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[1] The video starts with a caption that will go down in the annals of brown-nosing:

« The President who finally ends NASA's 60 years of 'deep state' cover-up of its real solar system discoveries — beginning with 'ancient ET ruins on the Moon and Mars' — will inevitably go down in history as 'the greatest President of the United States ...'  "If not the World...." »
[punctuation exactly as in the orig.]

[2] Hoagland is bullshitting here. Bees have chordotonal organs that allow them to respond to ultrasonic fequencies, but these would have a range of a few metres only. There's not a shred of evidence that they can detect or react to high-frequency transmission of any kind.

He made the same bullshit allegation in his 2007 web page The Bees' Needs—writing that torsion waves were responsible for Colony Collapse Disorder. Neonicotinoids are now generally accepted as the main cause of CCD, which hit its peak in 2006 and is now perceived as less of a problem than was thought then.

Part 2 of "The Bees' Needs" never appeared.

Saturday, August 3, 2019

Exploring the outer reaches of ignorance with Joseph A. Olson

        Olson is a civil engineer, one of eight authors of Slaying the Sky Dragon - Death of the Greenhouse Gas Theory (Stairway, 2011) and a climate change denier. In an undated online article, and in a guest appearance on Coast to Coast AM on 1st August, he turned out to be an Apollo denier as well.

        I haven't read Olson's book, and I have no plans to (an Amazon user reviewer wrote "A collection of blog posts wrapped in a self-published vanity piece by a bunch of bat-shit insane conspiracy theorists"), but if his climate denial is anything like his Apollo denial, ignoring it is the kindest treatment you could give it.

        The undated article is titled Perplexing Apollo Questions for NASA, and it's a brilliant example of why you should never believe what you read on the Internet. Olson pops up an infographic of the 3-stage Saturn V rocket, and takes us through the fuel loading of each stage and the contribution each stage made to Apollo's journey, ending with "NASA claims that the third stage, called S-IVB, then boosted speed to 24,500 mph and carried the Apollo capsule to the Moon." He then continues with this astounding nonsense:
"Neglecting the necessary first and third stage fuel, we will for layman discussion, assume that the 340,000 gallons of stage twonote 1 are all that was needed to escape Earth’s gravity, therefore 1/6 of that would be necessary to escape the Moons gravity. Given that Apollo must use a similar amount of fuel to slow approach, and use retrorockets to land with another 1/6 to land. Therefore to land and take off, the Lunar Lander would have required at least 1/3 of stage two volume, or 110,000 gallons of fuel.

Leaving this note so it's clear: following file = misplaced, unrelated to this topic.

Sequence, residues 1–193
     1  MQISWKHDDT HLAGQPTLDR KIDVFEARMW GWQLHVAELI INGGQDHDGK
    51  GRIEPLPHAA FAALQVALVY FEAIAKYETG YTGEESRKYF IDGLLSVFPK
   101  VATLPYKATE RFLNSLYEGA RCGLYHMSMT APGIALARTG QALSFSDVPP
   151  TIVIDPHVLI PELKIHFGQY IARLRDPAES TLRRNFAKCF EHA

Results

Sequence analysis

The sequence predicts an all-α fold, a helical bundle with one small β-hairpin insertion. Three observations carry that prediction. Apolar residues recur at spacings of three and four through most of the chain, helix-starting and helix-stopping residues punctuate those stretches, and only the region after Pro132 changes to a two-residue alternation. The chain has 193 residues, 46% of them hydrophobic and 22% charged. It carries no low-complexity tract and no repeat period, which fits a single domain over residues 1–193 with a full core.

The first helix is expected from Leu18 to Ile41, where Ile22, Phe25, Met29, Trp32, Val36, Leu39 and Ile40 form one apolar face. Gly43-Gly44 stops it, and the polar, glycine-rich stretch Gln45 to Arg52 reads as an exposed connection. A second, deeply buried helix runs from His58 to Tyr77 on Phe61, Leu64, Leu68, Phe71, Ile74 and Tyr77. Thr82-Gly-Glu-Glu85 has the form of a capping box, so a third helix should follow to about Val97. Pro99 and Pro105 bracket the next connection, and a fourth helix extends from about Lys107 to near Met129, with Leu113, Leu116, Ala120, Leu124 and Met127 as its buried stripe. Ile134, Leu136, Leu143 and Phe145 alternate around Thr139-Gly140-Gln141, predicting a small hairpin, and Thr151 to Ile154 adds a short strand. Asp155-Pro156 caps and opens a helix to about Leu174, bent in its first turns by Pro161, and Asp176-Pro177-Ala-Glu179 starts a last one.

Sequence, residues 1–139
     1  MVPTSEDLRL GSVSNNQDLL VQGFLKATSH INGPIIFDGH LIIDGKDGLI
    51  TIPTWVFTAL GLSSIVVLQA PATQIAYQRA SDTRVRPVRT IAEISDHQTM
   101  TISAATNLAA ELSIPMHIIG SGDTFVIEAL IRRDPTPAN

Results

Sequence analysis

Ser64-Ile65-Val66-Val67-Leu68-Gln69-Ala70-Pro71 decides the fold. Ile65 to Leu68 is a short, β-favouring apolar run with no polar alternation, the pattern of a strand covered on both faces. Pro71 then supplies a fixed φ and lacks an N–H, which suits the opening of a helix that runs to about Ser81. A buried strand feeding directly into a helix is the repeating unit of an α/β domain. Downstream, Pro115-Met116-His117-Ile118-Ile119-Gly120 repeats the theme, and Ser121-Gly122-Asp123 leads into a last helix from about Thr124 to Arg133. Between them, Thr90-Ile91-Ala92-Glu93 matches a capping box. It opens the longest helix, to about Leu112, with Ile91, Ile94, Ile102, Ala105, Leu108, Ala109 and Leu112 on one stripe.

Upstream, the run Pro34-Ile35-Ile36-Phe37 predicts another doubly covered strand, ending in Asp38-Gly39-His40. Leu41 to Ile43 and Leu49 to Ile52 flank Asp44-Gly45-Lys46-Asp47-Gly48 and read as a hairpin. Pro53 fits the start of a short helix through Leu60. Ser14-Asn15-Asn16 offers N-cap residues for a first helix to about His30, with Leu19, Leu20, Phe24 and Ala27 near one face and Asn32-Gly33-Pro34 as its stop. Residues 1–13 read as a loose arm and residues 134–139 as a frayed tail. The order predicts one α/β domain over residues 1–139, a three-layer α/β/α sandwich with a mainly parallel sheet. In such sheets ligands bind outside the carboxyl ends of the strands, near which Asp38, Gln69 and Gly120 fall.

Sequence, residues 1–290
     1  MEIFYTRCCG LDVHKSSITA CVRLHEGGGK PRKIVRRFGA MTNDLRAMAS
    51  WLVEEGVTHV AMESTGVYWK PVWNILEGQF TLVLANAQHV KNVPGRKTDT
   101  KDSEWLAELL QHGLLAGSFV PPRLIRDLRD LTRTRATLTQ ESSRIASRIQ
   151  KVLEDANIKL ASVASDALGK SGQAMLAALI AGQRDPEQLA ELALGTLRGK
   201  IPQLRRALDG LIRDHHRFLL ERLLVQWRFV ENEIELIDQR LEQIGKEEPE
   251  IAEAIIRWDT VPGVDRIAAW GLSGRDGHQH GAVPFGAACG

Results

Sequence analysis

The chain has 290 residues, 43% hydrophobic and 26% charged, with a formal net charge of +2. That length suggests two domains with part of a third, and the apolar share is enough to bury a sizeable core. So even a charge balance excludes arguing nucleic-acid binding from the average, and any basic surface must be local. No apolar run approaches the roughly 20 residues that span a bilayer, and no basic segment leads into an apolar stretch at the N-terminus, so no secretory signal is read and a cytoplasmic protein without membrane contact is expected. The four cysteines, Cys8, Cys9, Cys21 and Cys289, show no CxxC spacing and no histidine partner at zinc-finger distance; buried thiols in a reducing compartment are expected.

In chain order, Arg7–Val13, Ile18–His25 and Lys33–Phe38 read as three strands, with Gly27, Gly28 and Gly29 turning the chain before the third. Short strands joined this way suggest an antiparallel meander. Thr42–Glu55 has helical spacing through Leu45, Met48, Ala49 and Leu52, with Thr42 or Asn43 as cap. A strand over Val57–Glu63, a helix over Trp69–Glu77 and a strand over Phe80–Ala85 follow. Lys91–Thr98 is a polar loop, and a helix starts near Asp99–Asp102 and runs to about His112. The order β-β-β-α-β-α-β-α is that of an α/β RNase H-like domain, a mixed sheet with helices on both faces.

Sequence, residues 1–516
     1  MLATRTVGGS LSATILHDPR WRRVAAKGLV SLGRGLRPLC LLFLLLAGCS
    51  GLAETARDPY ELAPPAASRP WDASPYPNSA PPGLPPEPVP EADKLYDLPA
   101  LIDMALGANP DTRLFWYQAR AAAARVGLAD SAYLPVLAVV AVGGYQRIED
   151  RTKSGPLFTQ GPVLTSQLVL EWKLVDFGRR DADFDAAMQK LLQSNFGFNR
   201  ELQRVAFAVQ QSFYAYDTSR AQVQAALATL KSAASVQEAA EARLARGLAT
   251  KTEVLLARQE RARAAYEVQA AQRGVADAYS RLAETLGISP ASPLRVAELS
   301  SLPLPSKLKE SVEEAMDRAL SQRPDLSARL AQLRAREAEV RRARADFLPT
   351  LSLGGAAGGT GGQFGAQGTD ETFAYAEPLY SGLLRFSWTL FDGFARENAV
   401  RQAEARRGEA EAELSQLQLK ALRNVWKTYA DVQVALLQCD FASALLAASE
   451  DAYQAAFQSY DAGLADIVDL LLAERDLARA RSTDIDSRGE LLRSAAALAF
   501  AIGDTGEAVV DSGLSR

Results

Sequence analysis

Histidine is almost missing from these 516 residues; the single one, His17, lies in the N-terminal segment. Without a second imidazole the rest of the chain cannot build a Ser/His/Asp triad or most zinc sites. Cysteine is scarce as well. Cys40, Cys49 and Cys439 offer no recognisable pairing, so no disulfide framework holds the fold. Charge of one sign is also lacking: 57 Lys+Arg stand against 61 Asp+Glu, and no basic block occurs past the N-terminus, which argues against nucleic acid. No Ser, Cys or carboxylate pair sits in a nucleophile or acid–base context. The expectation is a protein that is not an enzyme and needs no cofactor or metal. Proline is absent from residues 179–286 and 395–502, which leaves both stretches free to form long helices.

Well, let's see. Stage 2 (S-II) only got Apollo as far as Earth orbit. In "neglecting" the third stage (S-IVB) Olson has neglected exactly what he should be using as the basis for his dodgy calculations. That stage is what enabled Apollo to escape Earth gravity, with 66,000 gallons LH2, 19,000 gallons LOX (85,000 gallons total). And then—astonishing for a man who has some sort of training in engineering—he utterly neglects the comparitive masses of what the S-IVB and the LM descent and ascent engines needed to accelerate.

Acceleration toward the Moon
The mass the S-IVB propelled Moonwards included:
Itself, 123,000 kgnote 2
The Command and Service Modules (CSM) 30,332 kg
The Lunar Module (LM) 16,400 kg
TOTAL 168,732 kg

The thrust of the S-IVB's engines (200 series) was 890,000 newtons
Theoretical acceleration: 5.27 m/sec/sec
Burn time (2nd ignition): 355 sec.

Deceleration on arrival
The CSM/LM stack was initially decelerated by the Service Propulsion System (SPS) engine.
Mass to decelerate: 46,732 kg
Thrust: 91,000 newtons
Theoretical  deceleration: 1.95 m/sec/sec
Burn time: 357 sec LOI, 17sec Circ.

The LM descent engine, thrust 45,040 newtons throtlleable, had to decelerate only itself, 16,400 kg. The fuel load was 8,200 kg, approx. 2,000 gallons
Thrust-to-weight in lunar gravity: 1.68
Burn time (Apollo 11): 754 sec.

Acceleration on lunar lift-off
The LM ascent engine, 16,000 newtons, had to accelerate 4,700 kg. The fuel load was 2,353 kg, approx. 540 gallons
Thrust-to-weight in lunar gravity: 2.124
Burn time: 435 sec.

Finally the SPS engine fired again for Trans-Earth Injection. Load 30,332 kg (minus the mass of already-expended fuel), burn time 151 sec.

The SPS engine needed to decelerate 27.7% of the mass the S-IVB had to accelerate, with 10% of the thrust and roughly the same burn time.

The LM descent engine only needed to decelerate 9.7% of the mass the S-IVB had to accelerate, using ~2.3% of the fuel volume (albeit fuel of a completely different kind) and 212% of the burn time.

The LM ascent engine needed to accelerate 2.8% of the mass the S-IVB had to accelerate, using ~0.63% of the fuel volume and 122% of the burn time.

Olson's hand-waving fuel arithmetic is utterly ridiculous.

It gets worse

        Olson then shows this drawing, and comes up with this breathtakingly ignorant objection to NASA's description of the mission:
"The claim is that the crew (astroNOTS) boarded the Lander, but there is a rocket engine between these two crafts. ...  and it is doubtful that Armstrong and Aldrin ever spacewalked from the Command to the Landing module before and after their “giant leap” ... There is no airlock on the Apollo capsule,note 3 so the cabin pressure would have gone to zero for both exit and entry to the capsule.
        Of course, the answer is that, once they were on a Moon-bound trajectory and had had the full benefit of the S-IVB's engines, the CSM turned through 180° and docked with the LM, pulling it clear of the S-IVB. I'm pretty sure that many 6th grade schoolkids could tell Olson that, if he asked them.

        C2C has seen many ignorant guests in its time, starting with Richard Hoagland, moving on through Mike Bara, Robert Morningstar, Billy Carson, Maurice Cotterell, Clyde Lewis, Bret Sheppard. I think we've found a new paradigm of ignorance.

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[1] The actual figures are 260,000 gallons LH2, 83,000 gallons LOX. Close enough, perhaps.

[2] Actually somewhat less, since a part of the Upper stage fuel had already been expended in achieving Earth orbit.

[3] On Coast-to-Coast AM, unbelievably, he actually said "The command module has no docking mechanism".

Thursday, August 1, 2019

Bang-bang! DOJ shoots down Sean David Morton